A Paradigm Shift, In Progress

Dr. Carla Brown examined bias against IDT in her Harvard doctoral dissertation,[5] which explored whether and how members of the Middle East policy community applied truth and utility tests to research findings. The study she used had been published in the Journal of Conflict Resolution showing a dramatic 45 percent reduction in war intensity and 75 percent reduction in war deaths when a critical mass of experts practiced IDT in large groups. Dr. Brown found that several respondents in each elite group that she interviewed were likely to examine a similar paper in the future, motivated in part by their examination of the quality of science involved. She also explored how some of her interviewees did not take the effort to examine the research, including some social scientists that were critical of the research.

Dr. Brown explored means for overcoming barriers to use of this research, including prejudice. At a time when the research outcomes described are greatly needed, this paper may provide context for those who want to understand their own prejudice or built in reservations. This paper helps defense experts better understand why Invincible Defense Technology is difficult for people to accept, and how these barriers can be addressed. This research has been published in the Journal of Social Behavior and Personality.[6] A paradigm shift is taking place in the U.S. military. “We believe that preventing wars is as important as winning wars,” according to a new strategy announced by the Navy, Marine Corps and Coast Guard in October.

This is the biggest revision of U.S. naval strategy in 25 years, by focusing more on humanitarian missions and improving international cooperation. From the U.S. Army side, Colonel Brian M. Rees, M.D., M.P.H., Medical Corps, U.S. Army Reserve, recently completed his Masters research paper from the U.S. Army War College on the topic of IDT called “The Applications of Strategic Stress Management [SSM] in Winning the Peace,” available at: . The paper concluded that “SSM has demonstrated efficacy when addressing the nefarious activities of criminals and terrorists, as well as the legal violence of combatants.” Colonel Rees recently gave presentations to the Proteus Management Group at Carlisle and Association of Military Surgeons of the U.S. (AMSUS) about how Invincible Defense Technology could prevent the collective stress responsible for war and terrorism.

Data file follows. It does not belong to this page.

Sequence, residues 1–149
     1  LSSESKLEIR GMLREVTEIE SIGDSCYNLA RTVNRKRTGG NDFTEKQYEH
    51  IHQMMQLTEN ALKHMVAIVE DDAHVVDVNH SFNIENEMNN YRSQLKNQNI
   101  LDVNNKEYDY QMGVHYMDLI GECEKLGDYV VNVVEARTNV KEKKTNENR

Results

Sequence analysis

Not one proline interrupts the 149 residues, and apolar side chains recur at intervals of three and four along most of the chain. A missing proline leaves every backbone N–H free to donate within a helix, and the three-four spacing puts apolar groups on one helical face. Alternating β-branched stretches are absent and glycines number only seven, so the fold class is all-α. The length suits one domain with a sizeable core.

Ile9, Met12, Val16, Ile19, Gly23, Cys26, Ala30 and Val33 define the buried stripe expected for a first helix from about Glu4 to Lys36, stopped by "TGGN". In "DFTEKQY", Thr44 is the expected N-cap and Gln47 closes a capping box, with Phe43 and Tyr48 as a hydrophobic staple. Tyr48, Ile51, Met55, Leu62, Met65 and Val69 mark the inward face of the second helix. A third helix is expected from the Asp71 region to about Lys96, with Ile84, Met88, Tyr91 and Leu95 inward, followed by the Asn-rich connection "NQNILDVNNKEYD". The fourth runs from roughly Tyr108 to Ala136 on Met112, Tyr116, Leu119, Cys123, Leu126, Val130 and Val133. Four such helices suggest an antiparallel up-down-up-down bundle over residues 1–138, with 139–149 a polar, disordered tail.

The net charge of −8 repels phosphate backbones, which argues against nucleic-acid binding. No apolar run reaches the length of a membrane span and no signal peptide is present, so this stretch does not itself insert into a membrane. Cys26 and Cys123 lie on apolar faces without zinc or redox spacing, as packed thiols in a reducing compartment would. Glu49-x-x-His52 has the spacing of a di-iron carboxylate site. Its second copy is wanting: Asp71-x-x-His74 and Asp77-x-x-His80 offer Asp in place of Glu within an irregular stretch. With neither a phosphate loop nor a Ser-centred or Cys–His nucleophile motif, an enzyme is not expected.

2. Walton, K. G., Cavanaugh, K. L., & Pugh, N. D., (2005) “Effect of Group Practice of the Transcendental Meditation Program on 3. Biochemical Indicators of Stress in Non-Meditators: A Prospective Time Series Study.” Journal of Social Behavior and Personality, 17(1), 339-373.
6. Brown, C. L., Overcoming barriers to use of promising research among elite Middle East policy groups. Journal of Social Behavior and Personality, 17(1), 489-546.